After many years of striving for a simpler life, I’ve learned that simple living is a continually evolving process that requires discipline, diligence, and determination to achieve… along with an intentional effort to stay on top of the constant influx of stuff that doesn’t ever stop coming back in!

In other words… simple living is not necessarily the easiest way to live.

However, in my opinion, it’s most definitely worth a little extra effort upfront as you’ll reap the rewards for weeks, months, and years to come!

Let me share two very simple examples that might put things into perspective a bit:

1. Meal Planning:

It will probably take you about 30 minutes to make a meal plan and grocery list for your family each week—but that 30 extra minutes upfront will save you at least 15-30 minutes at the grocery store because you’ll know exactly what you need to buy. Plus, you most likely won’t need to make multiple trips back to the store later in the week to buy items you may have forgotten without a list (saving more time, money, and gas).

You’ll also save precious minutes each day as you no longer have to wonder, “What’s for dinner?” or “Do I have all the ingredients in the house?”

On top of all that, you’ll save money on impulse purchases at the grocery store and last-minute fast food trips as you have a plan for dinner each night. And of course, you’ll save a whole bunch of stress and frustration around 5:00 each day, because you know dinner is in the oven (or at least in the works) and will be ready in just a few minutes.

So you tell me, is the 30 minutes upfront worth all the time, energy, money, stress, and frustration you saved yourself the rest of the week?

2. Dirty Dishes:

If you’re anything like me, it takes you less than 5 minute to empty a clean dishwasher and less than 15 minutes to wash a sink full of dirty dishes.

Even though I never feel like doing either of these chores, I almost always do them before I go to bed because I know it will save so much time, energy, and stress the following morning.

After all, I’m certain I won’t feel like doing the dishes in the morning when I’m trying to get everyone dressed, fed, and ready for the day. And as the day goes on, more and more dirty dishes will pile up next to the sink when they have nowhere else to go.

When I don’t take 5 minutes to clean out the dishwasher and 15 minutes to wash the dishes before going to bed, I feel behind all morning. I look at dirty dishes all day long. I think about the dishes and cleaning out the dishwasher countless times throughout the day. Once I finally get around to cleaning it out, it takes much longer than 5 minutes because I then have to rinse all the dirty dishes and pile those back into the dishwasher.

So you tell me, is the 5-15 minutes upfront worth all the time, energy, stress, and frustration you can potentially save the following day?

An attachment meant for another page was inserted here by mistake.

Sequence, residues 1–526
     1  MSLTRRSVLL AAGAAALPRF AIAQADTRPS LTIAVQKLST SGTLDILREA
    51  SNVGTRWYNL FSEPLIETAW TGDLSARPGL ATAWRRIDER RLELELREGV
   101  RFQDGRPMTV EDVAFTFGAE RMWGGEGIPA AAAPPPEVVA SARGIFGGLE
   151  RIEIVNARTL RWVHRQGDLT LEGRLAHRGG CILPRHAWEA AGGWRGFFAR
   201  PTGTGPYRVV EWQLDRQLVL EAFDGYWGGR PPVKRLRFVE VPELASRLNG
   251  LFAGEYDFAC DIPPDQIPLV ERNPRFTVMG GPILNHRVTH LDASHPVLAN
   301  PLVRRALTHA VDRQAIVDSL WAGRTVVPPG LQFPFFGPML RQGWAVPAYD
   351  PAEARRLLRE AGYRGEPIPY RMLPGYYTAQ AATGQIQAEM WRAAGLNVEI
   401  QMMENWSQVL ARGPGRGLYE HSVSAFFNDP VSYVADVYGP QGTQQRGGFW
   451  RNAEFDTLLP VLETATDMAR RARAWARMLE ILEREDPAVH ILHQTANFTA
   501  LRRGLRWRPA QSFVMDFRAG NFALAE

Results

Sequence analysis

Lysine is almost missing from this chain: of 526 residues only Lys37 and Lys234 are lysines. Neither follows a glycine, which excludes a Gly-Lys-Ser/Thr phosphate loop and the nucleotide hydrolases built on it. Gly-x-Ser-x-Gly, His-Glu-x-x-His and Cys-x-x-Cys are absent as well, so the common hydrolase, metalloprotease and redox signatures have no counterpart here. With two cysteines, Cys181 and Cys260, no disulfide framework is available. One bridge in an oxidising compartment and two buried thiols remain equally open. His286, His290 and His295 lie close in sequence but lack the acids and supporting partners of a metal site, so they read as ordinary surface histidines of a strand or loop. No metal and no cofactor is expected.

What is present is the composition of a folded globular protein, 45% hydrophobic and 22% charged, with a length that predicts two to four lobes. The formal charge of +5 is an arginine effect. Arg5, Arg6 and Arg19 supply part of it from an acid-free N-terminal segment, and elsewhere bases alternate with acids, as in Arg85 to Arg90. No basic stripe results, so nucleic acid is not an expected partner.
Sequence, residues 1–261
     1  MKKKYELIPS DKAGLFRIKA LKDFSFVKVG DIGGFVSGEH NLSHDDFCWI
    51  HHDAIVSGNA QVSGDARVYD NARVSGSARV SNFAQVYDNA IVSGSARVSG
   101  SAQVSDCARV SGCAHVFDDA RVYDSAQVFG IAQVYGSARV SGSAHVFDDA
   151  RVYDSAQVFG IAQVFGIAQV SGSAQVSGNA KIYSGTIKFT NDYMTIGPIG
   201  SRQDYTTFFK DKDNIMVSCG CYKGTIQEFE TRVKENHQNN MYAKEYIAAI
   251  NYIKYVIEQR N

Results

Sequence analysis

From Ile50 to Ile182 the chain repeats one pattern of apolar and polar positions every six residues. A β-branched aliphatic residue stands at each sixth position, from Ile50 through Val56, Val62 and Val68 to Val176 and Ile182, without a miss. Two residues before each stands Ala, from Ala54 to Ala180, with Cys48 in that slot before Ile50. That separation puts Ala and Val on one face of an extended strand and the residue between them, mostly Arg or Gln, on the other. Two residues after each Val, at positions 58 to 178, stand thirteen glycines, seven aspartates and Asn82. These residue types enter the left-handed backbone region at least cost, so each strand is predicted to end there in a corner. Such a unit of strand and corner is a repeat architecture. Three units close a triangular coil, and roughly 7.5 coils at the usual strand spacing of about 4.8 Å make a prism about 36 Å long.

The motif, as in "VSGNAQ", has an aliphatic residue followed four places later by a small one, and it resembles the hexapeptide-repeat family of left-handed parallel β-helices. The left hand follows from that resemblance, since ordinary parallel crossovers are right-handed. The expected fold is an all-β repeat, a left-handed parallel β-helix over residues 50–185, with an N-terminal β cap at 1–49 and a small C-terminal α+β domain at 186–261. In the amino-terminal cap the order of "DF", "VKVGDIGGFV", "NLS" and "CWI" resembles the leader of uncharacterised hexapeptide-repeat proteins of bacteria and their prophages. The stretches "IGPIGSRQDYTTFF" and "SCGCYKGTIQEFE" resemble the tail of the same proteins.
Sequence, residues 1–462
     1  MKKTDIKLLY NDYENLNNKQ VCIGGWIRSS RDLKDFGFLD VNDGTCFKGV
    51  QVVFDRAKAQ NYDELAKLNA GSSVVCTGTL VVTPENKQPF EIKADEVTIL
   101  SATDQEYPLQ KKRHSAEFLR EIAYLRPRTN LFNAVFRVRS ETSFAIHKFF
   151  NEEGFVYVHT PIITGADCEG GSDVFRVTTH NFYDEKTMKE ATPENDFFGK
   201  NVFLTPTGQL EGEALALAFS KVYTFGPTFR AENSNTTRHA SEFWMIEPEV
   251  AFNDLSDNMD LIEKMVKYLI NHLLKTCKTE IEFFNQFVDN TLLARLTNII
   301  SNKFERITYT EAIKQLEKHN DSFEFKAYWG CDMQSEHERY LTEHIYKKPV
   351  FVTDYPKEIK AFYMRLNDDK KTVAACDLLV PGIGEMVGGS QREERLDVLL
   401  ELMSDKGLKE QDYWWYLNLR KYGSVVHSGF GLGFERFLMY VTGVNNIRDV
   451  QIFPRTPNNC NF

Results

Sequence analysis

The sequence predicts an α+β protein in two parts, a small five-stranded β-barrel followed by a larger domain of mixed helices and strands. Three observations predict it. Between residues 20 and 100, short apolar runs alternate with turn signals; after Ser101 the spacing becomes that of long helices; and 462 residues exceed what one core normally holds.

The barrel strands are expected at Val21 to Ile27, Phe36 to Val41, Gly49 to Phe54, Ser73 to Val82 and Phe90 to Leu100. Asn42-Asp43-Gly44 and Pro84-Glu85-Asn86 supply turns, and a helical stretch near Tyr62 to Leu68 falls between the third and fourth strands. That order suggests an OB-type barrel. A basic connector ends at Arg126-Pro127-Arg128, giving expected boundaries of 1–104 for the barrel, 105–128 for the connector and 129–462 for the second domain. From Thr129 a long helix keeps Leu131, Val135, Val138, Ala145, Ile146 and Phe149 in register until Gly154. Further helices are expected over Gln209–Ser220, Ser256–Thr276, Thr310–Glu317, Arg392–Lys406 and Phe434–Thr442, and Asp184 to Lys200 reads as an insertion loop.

As I mentioned above, these are two extremely simplified examples to make my point. There are literally hundreds of other examples about how taking a little extra time upfront can saved hours and dollars in the long run—thus simplifying and de-stressing our lives in the process.

However, as you might have realized, taking the time upfront one time doesn’t mean you’re finished forever.

When it comes to simple living, it’s almost impossible to ever be completely finished.

I don’t say this to dissuade you from pursuing a simpler life—but rather to be upfront and honest about the fact that simple living is not something that just magically happens. It takes work… hard work… daily work… work, even when you don’t feel like working.

I know too many people who get discouraged after a day or a week or a year of trying to simplify their homes and lives—only to realize there is still more to do. They figure they must be doing something wrong… so they give up.

On the contrary, they are usually doing it right, and have simply come to the realization that all of life requires maintenance. We don’t eat once and expect to stay filled and nourished for the rest of our lives. We don’t bathe once and expect to stay clean for the rest of our lives. So why do we often expect that our efforts to organize, plan ahead, and simplify should be a “once-and done” kind of deal?

If you’ve been trying to simplify your life but always feel like there is more you could be doing, that’s because there is always more you could be doing!

The tricky part comes in finding balance. How can we achieve a simple enough life to be happy—without spending all our time and energy doing so?

For me, it comes down to priorities and what areas of my life are most important for me to simplify. That picture is going to look differently for each one of us—but it starts with having a clear picture of our goals, being willing to say ‘no’ to anything that doesn’t align with those goals, and intentionally choosing to work towards simplicity day after day.

A simple life won’t magically happen overnight, but with some intentional effort, it will happen eventually!


  1. Did the examples above ring true for you? Have you put off doing something because of the upfront work only to realize that you created a lot more work for yourself in the progress?
  2. What simple tasks could you do upfront to simplify your life this week?
  3. Have you heard of the 2-minute rule? The principle is simple: “If it takes less than 2 minutes, do it now.” Where could you apply this rule in your home and life?